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Follow Friday: Jeff Wichmann

The trumpet and koto player discusses his first funeral gig and the benefits of sensory deprivation.
Friday Feb 26, 2010.     By Centerstage Chicago Staff
Centerstage Chicago Nightlife City Guide Arts

Jeff Wichmann

Follow Friday is a weekly interview series in which each Chicago artist we talk to recommends a fellow local act.

This week's guest: Jeff Wichmann
Recommended by: Darren Garvey

Until recently, Jeff Wichmann's musical worlds have been divided into two camps - the trumpet and the Japanese koto (a traditional stringed instrument). He's put out four albums playing horns and keys with the Chicago rock band TENKI and has been seen marching around town with Environmental Encroachment. He's also been playing the koto in local and international ensembles, working with experimental artists like Rei Hotoda and HAL, and touring with the Steppenwolf Theater production of Haruki Murakami's "After The Quake." In 2009 he finally fused his two worlds and recorded his first solo album called Ahhh!!!, which will be released this spring. Catch a preview on March 19 at Hotti Biscotti.

Describe your sound in 140 characters or less.
Experimental Japanese koto brass rock: James Bond sipping a martini with Sun Ra in a digital tea house floating in space.

Where and when was your first show - and what was it like?
Well, I've had a hundred "first shows." I hated my first piano recital when 8 years old at McCormick Place. The trumpet has always gotten me involved in the wackiest as well as the most traditional of bands, jazz ensembles, orchestras - the usual. But in college, I went through my Harrison sitar stage and began studying the Japanese koto and Asian music. My first paid gig was in a funeral home in Rock Island. A family wanted something "Japanesey" and hired me. So there I was playing Japanese folk songs with a body in a casket 20 feet away while the whole family stood around me holding hands and crying. I'm still feeling that weird karma. Then, I moved to Japan to study under Kazue Sawai and had my first sort of official koto concert in Tokyo back in 1992. Huge concert hall. Hundreds of people. Half-way around the earth. Young, adventurous and scared. I was playing in a trio of koto players, a contemporary piece, and was like, here we go, big debut on an instrument I barely knew. I was so nervous that my hands completely froze and I could hardly perform. I slopped through the concert. It was a mess. There and then I learned the valuable lesson of failure before success.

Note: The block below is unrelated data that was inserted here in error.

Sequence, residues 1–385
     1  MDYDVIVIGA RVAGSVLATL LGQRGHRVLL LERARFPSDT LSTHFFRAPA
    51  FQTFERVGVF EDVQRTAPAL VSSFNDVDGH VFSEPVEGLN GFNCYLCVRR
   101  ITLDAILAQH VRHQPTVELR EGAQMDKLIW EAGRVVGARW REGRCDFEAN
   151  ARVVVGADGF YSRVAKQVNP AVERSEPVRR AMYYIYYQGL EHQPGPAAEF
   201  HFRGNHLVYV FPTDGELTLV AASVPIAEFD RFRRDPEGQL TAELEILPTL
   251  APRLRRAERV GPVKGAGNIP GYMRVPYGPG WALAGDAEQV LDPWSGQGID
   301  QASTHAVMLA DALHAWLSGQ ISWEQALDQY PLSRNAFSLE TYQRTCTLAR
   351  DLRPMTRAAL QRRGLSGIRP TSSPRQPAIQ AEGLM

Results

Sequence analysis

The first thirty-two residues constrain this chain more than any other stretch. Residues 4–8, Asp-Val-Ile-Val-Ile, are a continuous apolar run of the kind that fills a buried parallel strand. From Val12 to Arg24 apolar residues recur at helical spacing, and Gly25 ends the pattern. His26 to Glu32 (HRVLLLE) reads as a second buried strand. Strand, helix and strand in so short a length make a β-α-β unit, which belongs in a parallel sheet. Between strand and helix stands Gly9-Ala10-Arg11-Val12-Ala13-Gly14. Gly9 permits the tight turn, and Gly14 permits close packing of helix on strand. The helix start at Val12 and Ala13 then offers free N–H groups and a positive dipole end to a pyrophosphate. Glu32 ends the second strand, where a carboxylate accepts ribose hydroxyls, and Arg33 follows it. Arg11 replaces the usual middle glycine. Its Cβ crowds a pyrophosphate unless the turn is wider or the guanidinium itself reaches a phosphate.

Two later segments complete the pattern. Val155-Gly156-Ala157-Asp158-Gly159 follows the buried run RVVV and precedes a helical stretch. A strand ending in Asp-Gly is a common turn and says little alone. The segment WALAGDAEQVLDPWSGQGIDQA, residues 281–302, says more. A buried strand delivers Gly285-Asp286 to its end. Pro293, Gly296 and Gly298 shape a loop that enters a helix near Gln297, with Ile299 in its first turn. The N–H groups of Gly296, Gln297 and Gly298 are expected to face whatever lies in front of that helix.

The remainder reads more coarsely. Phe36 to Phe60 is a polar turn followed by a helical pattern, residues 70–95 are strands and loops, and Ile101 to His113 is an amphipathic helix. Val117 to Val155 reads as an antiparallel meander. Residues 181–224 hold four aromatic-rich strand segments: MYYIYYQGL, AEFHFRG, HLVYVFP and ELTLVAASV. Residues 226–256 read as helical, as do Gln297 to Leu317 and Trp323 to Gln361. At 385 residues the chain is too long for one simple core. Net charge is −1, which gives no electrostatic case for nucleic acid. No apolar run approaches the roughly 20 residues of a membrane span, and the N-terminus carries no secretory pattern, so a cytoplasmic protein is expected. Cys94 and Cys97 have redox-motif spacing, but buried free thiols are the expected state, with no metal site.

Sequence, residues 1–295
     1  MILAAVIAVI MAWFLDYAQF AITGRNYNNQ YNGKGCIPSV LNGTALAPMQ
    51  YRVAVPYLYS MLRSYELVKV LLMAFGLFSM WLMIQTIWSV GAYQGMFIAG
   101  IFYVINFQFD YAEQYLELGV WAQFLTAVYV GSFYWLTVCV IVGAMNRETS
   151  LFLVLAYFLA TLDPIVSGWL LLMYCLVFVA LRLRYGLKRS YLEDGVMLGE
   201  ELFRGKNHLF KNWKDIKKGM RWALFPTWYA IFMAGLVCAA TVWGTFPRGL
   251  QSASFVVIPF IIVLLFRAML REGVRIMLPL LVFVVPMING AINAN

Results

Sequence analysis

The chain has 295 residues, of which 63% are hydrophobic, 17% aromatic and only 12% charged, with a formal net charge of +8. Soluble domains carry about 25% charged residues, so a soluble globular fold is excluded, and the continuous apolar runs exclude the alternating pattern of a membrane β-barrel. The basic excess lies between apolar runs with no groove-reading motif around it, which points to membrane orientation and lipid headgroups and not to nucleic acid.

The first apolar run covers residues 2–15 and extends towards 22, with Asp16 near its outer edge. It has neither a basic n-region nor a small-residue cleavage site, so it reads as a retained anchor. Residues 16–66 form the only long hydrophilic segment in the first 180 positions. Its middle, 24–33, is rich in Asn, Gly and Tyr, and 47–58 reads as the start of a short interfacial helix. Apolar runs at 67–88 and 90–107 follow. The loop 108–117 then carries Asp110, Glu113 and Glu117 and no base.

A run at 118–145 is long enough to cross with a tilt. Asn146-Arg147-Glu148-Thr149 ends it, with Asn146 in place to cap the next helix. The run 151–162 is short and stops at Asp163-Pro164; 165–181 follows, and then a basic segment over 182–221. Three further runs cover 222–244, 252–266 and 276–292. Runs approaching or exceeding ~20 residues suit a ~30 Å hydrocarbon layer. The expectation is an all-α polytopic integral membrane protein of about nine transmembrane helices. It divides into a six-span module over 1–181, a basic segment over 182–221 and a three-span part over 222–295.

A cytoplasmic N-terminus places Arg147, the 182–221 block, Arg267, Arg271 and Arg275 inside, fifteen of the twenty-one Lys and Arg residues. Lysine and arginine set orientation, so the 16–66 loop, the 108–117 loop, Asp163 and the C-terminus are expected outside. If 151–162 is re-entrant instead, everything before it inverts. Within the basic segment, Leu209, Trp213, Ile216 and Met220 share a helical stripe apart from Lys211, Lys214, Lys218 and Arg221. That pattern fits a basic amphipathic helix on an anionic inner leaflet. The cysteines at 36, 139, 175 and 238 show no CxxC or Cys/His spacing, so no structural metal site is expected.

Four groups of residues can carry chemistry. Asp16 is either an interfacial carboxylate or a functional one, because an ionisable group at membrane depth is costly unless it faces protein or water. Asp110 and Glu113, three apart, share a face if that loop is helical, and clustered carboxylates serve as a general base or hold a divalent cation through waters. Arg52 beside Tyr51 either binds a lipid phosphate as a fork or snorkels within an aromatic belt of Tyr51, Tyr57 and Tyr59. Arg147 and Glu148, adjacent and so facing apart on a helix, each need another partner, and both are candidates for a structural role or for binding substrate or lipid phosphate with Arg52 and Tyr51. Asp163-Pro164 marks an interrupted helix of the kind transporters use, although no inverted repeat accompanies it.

Name three of your favorite Chicago spots (bars, restaurants, venues, parks - whatever).
Always love the Hideout for the rootsy atmosphere, the intimacy of shows, and cheap PBRs.

Chicago Food Corp./Joong Boo Market is the best place in the city for Asian market goods and the Snack Corner restaurant inside has the cheapest and best no-frills Korean food around.

To totally space out my mind and body I love a soak at SpaceTime Tanks - one of the oldest sensory deprivation tank facilities in the US.

What Chicago artist/band should we interview next and why?
Model Citizens Big Band. For years, every so often I'll head to Bucktown's Gallery Cabaret every third Monday of the month to experience the musical madness of director Brian O'Hern and his big-band gang of top-notch cats. No jazz snootiness or shoe gazing here. Anything goes with 20 people on stage drinking beer and ripping the hell out of any chart O'Hern throws at them while the always packed audience dances, hoots and hollers. It's so under the radar and a total Chicago experience. Bliss.


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